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    Excel pellet pipe does not need silicone to seal the joints of the pipe. Page 6 #4 refers to caulking the space between the pipe and the insulated wall pass thru to eliminate any chance of draft. The pipe itself does not need caulking.
     
  9. richg

    richg
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    Nov 20, 2005
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    Well, I don't know what the best is, but OJ Simpson "Duravent" (snicker) is certainly the worst. Overpriced, poorly built leaky garbage. Do you want me to tell you how I really feel?
     
  10. gw2kpro

    gw2kpro
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    Jan 7, 2008
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    Does anyone know why selkirk would print this information in their online brochure if they say you don't need to use sealant? Maybe because they use the word "recommended" instead of "required"?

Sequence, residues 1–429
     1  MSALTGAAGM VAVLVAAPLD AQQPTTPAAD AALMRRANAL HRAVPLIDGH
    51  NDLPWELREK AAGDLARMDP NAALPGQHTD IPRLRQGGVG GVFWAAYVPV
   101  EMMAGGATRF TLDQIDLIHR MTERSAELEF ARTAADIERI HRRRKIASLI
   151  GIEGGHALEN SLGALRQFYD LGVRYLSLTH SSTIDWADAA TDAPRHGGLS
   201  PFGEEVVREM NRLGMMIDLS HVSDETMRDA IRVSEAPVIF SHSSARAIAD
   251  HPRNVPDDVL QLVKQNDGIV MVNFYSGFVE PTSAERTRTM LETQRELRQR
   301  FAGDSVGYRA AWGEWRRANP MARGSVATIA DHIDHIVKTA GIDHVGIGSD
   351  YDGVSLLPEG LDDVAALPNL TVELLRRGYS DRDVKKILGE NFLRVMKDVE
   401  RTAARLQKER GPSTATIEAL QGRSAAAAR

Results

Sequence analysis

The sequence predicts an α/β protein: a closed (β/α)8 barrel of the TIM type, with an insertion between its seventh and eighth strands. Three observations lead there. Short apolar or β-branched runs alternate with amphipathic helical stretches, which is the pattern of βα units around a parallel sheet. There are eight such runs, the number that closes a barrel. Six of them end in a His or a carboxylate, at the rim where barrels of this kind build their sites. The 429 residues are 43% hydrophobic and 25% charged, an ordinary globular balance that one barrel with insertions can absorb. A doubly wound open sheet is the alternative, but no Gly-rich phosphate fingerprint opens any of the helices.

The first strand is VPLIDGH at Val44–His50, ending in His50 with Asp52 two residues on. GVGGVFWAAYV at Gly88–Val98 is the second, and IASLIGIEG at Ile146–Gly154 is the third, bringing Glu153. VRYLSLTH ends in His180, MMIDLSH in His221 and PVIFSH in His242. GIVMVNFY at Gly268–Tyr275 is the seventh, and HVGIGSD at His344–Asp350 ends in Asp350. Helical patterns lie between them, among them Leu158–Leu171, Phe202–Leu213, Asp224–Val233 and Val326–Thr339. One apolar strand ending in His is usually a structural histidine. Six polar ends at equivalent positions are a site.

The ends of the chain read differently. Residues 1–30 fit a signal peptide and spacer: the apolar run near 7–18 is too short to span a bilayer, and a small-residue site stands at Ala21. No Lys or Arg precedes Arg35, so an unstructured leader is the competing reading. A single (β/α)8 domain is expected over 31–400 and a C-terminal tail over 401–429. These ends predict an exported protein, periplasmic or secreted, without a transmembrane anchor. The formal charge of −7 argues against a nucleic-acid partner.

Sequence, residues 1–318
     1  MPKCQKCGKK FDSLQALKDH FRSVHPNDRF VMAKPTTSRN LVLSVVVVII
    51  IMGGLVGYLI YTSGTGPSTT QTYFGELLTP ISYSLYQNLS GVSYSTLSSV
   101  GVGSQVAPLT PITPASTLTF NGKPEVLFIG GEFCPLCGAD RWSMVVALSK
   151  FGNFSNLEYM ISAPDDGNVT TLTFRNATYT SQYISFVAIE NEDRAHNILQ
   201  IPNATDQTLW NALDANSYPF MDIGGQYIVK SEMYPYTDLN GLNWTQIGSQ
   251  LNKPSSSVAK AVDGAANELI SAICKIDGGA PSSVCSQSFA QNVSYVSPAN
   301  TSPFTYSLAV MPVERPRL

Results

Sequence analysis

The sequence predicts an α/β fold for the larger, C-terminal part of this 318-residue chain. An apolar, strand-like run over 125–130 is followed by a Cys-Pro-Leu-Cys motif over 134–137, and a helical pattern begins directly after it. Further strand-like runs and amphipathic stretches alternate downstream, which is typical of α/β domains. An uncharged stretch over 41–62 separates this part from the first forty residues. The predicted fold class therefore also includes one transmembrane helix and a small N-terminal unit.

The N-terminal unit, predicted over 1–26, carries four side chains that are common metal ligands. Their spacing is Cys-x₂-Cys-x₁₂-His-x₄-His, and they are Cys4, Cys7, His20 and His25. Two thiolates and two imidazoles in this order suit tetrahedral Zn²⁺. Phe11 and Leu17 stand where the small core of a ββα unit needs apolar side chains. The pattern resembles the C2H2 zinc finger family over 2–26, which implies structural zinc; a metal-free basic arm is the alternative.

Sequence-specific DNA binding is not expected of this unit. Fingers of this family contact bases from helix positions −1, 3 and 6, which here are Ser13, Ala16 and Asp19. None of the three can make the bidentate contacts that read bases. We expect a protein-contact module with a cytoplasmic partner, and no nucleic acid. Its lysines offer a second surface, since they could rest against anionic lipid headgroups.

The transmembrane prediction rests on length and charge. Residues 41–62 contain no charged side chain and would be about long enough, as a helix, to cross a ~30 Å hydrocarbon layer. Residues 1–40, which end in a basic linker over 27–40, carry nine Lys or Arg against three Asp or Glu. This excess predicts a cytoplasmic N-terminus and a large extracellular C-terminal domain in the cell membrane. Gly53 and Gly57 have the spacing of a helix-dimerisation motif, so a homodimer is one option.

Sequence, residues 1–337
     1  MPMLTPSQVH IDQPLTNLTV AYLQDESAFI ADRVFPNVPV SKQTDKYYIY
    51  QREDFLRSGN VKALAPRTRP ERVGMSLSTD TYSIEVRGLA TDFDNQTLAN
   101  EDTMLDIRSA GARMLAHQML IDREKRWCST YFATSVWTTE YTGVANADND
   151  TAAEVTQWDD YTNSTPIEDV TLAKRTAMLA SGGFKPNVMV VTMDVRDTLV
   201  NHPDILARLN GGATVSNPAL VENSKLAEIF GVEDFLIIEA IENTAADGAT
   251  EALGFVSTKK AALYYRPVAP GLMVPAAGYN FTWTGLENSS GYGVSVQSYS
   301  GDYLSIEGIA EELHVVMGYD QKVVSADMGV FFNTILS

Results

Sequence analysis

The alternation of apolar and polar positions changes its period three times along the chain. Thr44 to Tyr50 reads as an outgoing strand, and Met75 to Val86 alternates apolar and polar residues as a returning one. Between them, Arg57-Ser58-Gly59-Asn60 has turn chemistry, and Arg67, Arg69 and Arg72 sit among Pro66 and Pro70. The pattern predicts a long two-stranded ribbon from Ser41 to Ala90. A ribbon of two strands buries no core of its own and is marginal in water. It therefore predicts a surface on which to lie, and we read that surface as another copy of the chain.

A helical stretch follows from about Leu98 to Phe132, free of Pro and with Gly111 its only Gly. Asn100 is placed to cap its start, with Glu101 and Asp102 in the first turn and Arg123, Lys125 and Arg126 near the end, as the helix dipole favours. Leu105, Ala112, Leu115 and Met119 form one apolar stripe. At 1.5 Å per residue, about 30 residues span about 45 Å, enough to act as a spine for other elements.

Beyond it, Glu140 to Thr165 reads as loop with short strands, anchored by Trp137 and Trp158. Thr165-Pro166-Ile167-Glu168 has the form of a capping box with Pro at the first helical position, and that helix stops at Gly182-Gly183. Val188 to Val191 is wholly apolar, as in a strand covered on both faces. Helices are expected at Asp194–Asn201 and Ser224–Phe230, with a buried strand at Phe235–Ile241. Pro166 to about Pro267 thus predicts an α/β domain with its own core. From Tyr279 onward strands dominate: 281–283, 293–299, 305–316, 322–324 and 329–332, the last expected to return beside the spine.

13. To ensure a good gas tight seal for positive pressure venting
    the application of an RTV high temperature silicone to the male
    collar of the joint is recommended (see Figure 1).
     
  11. smoke show

    smoke show
    Guest 2.
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  12. Metal

    Metal
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    Nov 18, 2005
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    I don't think silicone is "required" on any L-Vent per its UL Listing. It is "recommended" if you don't like fly ash blowing out the seems.
     
  13. cac4

    cac4
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    Jul 11, 2008
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    you all would have to start this thread the very next DAY AFTER I bought my chimney pipe. (sigh) bought a "kit" at Lowe's, for 200 bucks...which I thought was a really good price. seems that regular old "duravent" is quite a bit cheaper than the "pro" line. I figured that since I'm not going to burn corn, why spend the extra $$?